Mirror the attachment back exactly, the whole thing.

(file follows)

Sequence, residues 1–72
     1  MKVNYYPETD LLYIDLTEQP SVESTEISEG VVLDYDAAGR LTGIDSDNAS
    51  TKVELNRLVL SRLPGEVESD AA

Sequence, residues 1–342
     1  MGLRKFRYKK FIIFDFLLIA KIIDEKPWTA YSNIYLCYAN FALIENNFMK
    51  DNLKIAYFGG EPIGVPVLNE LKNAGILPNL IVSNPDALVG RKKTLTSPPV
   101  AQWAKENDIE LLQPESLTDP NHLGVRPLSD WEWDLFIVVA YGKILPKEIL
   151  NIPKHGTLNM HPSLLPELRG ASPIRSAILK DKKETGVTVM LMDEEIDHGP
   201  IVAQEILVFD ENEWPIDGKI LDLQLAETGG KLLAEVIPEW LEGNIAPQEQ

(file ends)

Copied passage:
Sequence, residues 1–72
     1  MKVNYYPETD LLYIDLTEQP SVESTEISEG VVLDYDAAGR LTGIDSDNAS
    51  TKVELNRLVL SRLPGEVESD AA

Sequence, residues 1–342
     1  MGLRKFRYKK FIIFDFLLIA KIIDEKPWTA YSNIYLCYAN FALIENNFMK
    51  DNLKIAYFGG EPIGVPVLNE LKNAGILPNL IVSNPDALVG RKKTLTSPPV
   101  AQWAKENDIE LLQPESLTDP NHLGVRPLSD WEWDLFIVVA YGKILPKEIL
   151  NIPKHGTLNM HPSLLPELRG ASPIRSAILK DKKETGVTVM LMDEEIDHGP
   201  IVAQEILVFD ENEWPIDGKI LDLQLAETGG KLLAEVIPEW LEGNIAPQEQ